'...strength of Gomorrah lies in the angry passion with which he denounces the grip of organised crime.'
-- Financial Times
'An extraordinarily powerful book. With its pages of gritty reportage and low-life legwork, Gomorrah recreates a truly evil sense of menace. The book has been a huge bestseller in Italy. Saviano, however, has incurred the wrath of the Camorra for naming names, and is now under police protection. Naples, one-time Arcady of Bourbon kings and queens, emerges here as disaffected, dying. If you love this city, as I do, Gomorrah will fill you with dismay' -- Ian Thomson, London Evening Standard, 21 Jan 2008
'One of the most enthralling and disturbing books written on organised crime ... the great value of Gomorrah is to highlight two points: the power and wealth that southern Italy's Mafias have accumulated in recent years, and the fact that their globalisation makes them an issue of concern for us all. His description of the effects of gang war on ordinary people ("Women stop wearing high heels--too hard to run in them") is masterly. His final chapter, set in the apocalyptic wilderness of the Camorra's smouldering waste dumps, is inspired -- and prescient, as the garbage crisis in Naples unfolds' -- The Economist, 10 Jan 2008
'Part economic analysis, part social history, part cri de coeur, this crushing testimonial is the most important book to come out of Italy'
-- New York Times
'Read this important book, and you will appreciate why Italy is still a country that needs heroes like him' -- Guardian Review
'Roberto Saviano's horrifying book paints organised crime as it really is. Forget Vito Corleone; forget Ray Liotta in Goodfellas. The ruthless Camorra gangs that control modernday Naples exert a malign influence on every area of the Italian economy, from fashion to drug-dealing, from sanitation to refuse collection and from construction to hospitality ... as an insight into a terrifying world by a remarkable investigative journalist, it is riveting' Mail on Sunday -- Mail on Sunday, 20 Jan 2008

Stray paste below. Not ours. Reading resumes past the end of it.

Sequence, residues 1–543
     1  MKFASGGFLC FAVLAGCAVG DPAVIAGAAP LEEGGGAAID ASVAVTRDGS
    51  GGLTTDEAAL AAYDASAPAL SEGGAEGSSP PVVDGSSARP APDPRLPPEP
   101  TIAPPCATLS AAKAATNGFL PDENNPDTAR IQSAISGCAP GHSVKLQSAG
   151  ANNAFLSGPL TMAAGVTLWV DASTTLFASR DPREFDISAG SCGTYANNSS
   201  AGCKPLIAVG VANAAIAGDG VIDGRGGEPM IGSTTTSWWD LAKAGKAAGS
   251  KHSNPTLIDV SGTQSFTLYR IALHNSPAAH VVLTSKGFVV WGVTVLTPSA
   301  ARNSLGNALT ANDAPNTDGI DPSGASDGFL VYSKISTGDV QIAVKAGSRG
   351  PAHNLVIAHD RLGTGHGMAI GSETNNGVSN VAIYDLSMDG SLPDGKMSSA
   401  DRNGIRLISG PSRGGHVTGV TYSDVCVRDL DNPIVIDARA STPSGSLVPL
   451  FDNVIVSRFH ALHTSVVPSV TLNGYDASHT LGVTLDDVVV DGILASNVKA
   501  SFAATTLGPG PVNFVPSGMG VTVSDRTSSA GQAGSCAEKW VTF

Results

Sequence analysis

`A brave expose of the gangland hell that is tearing Naples apart. A powerful work of reportage, Gomorrah became a literary sensation when it appeared in Italy last year. It started a national conversation, but also won its 28-year old first time author uglier accolades: death threats and a constant police escort - he now lives in hiding. The stakes are high. Part economic analysis, part social history, part cri de coeur, this crushing testimonial is the most important book to come out of Italy in years. Like Conrad's London, Saviano's Naples is one of the world's dark places. He tugged a loose thread in the fabric of Italian bourgeois respectability and pulling until nothing was left. I could not get this brave book out of my head. After reading Gomorrah, it becomes impossible to see Italy, and the global market, in the same way again' -- William Grimes, The Scotsman, 13 Jan 2008
`Every so often, when reading Saviano's book you have to pause, and remember he is writing not about some war-torn African territory or former communist state, but about life in a big city in a rich nation in western Europe; a founder-member of the European Union; a favourite destination for low-cost flyers, and a country whose affairs are increasingly - and, Saviano suggests, dangerously - bound up with ours.'
-- John Hooper, Guardian G2 Profile, 14 Jan 2008
`This brave account of the most organised of all Italy's crime fraternities demands respect. Saviano's devastating account of his homeland is highly emotional: unlike many, perhaps older and wearier, Italian journalists, he still feels personally outraged by what he sees. His descriptions of the lawless violent world of Naples are both gritty and sentimental, a poetry of cruelty. Perhaps unsurprisingly, since the book came out, he has been threatened by the clans and now has a police escort for his own safety' -- Clare Longrigg, Sunday Telegraph, 13 Jan 2008
`a superb piece of investigative reporting ... Saviano is without question a winning young man with real potential as a writer' -- Misha Glenny, Sunday Times, 13 Jan 2008